- Generate Groundballs: Ground ball double plays can immediately erase a hit and make life on the pitcher much easier. Also, it is harder to hit grounders for extra bases, which ties into No. 3
- Platoon Neutrality: In later innings teams are much more willing to use a pinch-hitter and their bench in general, meaning it is likely the starter faces a number of opposite-handed hitters
I eventually settled on one metric per grouping, although my initial research did not include any platoon metrics. I expanded the equation to include a platoon score I developed which improved the results. Looking at 2018 here are the top 10 based solely off these skills.
|Ryan Pressly||- - -||0.3103|
We see several names that appear on both lists and a few new ones as we see that my model actually believes in the sustainability of the success of a different Rockies reliever in Oberg, even though Ottovino just signed a massive deal. A positive on the model is that it actually correlated slightly better than the results based ADREIP with the player rater even though the difference was minor. While the results were satisfying and the metric suggested a few pitchers to be cautious of from 2017-2018 (most notably Corey Knebel),I felt it did not do a great job of conveying the risk associated with certain pitchers.
We are always wary of small sample sizes and the flukes that can occur with a single season, and relievers operate within even smaller samples themselves. Most reliever seasons are only 60-70 innings, pitching one inning at a time. A poorly timed walk and home run can make an appearance seem worse than it really was. So in order to combat this, I felt that a singular value did not paint the appropriate picture of each arm. I decided to move from a regression model and work off a comparison-based system using Mahalanobis comps. What this provided me was a probability spectrum for each individual pitcher. Showing me just how volatile their individual profile is. Take this below example, which looks at Edwin Diaz and Blake Treinen:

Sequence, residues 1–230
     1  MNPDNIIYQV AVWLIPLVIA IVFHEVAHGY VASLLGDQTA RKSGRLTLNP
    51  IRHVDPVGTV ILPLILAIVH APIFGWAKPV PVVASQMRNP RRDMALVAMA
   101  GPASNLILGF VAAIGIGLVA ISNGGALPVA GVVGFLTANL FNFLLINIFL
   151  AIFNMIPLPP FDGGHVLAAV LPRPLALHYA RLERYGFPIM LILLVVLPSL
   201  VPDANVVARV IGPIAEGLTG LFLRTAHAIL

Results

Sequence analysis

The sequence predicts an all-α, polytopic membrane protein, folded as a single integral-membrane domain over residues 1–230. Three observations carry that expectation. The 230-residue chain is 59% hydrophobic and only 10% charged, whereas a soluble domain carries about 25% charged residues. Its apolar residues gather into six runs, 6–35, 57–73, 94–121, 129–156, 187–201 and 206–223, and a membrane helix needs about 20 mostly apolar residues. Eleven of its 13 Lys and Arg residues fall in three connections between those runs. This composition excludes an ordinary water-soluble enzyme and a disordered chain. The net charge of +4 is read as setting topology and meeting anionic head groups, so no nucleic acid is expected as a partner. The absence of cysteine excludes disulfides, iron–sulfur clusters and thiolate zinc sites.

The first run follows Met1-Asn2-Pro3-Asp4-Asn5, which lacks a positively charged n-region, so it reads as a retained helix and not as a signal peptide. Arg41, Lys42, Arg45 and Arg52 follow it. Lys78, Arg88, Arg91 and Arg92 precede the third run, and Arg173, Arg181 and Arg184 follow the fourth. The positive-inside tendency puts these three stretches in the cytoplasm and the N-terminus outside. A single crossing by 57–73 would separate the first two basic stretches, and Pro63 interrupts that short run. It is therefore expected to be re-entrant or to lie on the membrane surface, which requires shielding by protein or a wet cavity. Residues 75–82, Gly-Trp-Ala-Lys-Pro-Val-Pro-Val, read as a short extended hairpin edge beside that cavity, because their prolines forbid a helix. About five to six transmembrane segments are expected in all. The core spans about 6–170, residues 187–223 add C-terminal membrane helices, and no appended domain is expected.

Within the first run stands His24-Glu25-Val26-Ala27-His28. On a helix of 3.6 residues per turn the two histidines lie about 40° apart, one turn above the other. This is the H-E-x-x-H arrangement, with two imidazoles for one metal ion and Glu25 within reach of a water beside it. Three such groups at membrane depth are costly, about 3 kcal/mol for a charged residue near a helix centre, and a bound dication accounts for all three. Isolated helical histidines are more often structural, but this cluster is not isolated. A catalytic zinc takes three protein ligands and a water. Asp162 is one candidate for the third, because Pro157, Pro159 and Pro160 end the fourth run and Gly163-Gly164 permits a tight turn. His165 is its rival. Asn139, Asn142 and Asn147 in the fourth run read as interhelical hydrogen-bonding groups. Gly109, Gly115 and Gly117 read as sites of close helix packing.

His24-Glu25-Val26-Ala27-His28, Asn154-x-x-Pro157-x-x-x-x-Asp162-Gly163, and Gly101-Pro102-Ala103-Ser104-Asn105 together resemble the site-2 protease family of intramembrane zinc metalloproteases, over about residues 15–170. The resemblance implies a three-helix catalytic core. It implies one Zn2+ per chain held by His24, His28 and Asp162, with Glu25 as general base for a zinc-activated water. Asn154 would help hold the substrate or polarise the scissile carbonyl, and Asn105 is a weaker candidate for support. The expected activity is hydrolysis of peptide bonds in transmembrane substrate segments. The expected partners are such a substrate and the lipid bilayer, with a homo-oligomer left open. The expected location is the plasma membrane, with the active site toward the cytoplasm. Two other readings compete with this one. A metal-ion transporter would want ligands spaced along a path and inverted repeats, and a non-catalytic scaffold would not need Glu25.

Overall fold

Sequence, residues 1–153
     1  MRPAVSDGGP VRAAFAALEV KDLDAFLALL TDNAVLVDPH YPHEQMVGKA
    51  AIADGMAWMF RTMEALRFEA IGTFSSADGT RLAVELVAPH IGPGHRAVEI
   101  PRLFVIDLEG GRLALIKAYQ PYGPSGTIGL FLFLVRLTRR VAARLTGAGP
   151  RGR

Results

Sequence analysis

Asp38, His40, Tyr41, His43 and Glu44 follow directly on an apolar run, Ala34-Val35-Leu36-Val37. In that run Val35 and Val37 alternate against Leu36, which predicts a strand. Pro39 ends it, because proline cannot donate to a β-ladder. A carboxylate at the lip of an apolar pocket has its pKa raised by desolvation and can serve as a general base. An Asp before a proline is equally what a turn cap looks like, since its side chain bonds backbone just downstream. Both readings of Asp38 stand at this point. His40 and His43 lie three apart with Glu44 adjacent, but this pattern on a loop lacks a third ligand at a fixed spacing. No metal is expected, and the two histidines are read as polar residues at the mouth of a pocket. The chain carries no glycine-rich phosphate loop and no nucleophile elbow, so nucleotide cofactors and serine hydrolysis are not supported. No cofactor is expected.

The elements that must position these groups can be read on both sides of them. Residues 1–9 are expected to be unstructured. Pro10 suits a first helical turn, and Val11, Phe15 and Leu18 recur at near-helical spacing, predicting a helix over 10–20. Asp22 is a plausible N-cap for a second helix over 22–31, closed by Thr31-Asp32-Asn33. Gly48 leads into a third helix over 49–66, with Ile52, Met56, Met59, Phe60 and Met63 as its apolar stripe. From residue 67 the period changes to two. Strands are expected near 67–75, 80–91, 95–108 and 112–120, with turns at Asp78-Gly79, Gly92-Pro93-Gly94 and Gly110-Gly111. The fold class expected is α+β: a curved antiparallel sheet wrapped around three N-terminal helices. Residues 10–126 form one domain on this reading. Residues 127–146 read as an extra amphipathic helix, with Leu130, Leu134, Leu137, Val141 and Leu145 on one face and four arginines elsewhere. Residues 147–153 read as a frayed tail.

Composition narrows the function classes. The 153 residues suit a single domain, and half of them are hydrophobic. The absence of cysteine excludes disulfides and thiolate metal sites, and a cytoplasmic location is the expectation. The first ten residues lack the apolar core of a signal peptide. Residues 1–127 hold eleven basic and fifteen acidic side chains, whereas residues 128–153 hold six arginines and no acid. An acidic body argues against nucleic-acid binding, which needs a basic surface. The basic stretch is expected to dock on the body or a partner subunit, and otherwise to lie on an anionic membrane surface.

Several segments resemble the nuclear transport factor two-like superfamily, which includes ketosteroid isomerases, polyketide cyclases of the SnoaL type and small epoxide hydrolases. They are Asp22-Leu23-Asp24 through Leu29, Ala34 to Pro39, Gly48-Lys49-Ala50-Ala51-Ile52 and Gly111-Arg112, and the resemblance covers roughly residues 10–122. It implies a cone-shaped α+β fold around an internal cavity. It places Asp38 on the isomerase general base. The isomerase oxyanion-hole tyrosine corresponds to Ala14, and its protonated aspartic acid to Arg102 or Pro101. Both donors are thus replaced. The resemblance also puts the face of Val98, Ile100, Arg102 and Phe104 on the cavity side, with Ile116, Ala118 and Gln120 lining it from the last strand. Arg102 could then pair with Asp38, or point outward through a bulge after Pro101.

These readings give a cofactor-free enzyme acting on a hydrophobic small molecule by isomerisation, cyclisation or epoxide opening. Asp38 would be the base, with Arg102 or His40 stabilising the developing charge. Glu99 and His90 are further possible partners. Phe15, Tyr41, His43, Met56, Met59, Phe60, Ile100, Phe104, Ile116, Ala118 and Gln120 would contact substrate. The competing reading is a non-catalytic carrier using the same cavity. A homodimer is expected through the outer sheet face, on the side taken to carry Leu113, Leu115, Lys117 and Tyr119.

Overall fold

The chart shows the probability based off the closest comps that each pitcher falls within the different groupings of ADREIP -- 0.20 is around average for the sample I worked with. So what we can see is that Diaz seems to be "safer." He has a higher probability within the groupings considered to be average 0.20-0.30, and for the most part has a lower probability in each group towards the left of the graph. However, Treinen has the higher chance of a truly elite season, exceeding Diaz at essentially every tier greater than 0.3. Within the sample, only eight seasons have exceeded 0.55, and Treinen has a greater than five percent chance of reaching those heights.
For Fantasy, context matters, but both should be pitching for Wild Card contenders and should get plenty of save opportunities. According to NFBC data, Diaz is going ahead of Treinen in terms of ADP right now (47.23-62.79) since Jan. 1. Choosing between them is partially personal preference, but there is an interesting thought experiment between chasing the upside of Treinen or taking the floor of Diaz. Personally, based on Treinen being taken around one round later on average, I want to chase the upside with Treinen. There is still a high enough floor for the Athletics closer that the upside easily outpaces the risk for me.
Going forward, I will be using my probabilistic model to compare a number of different relievers within ADP tiers as evaluating the contenders for many of the most interesting Spring Training bullpen battles. Additionally, I will be using it to try to determine some under the radar holds targets and some interesting arms who could be extremely successful if they were to find themselves in the closer's chair. If you have any battles in particular you would like for me to evaluate, feel free to reach out on Twitter and I will be happy to help or could turn it into a future article topic.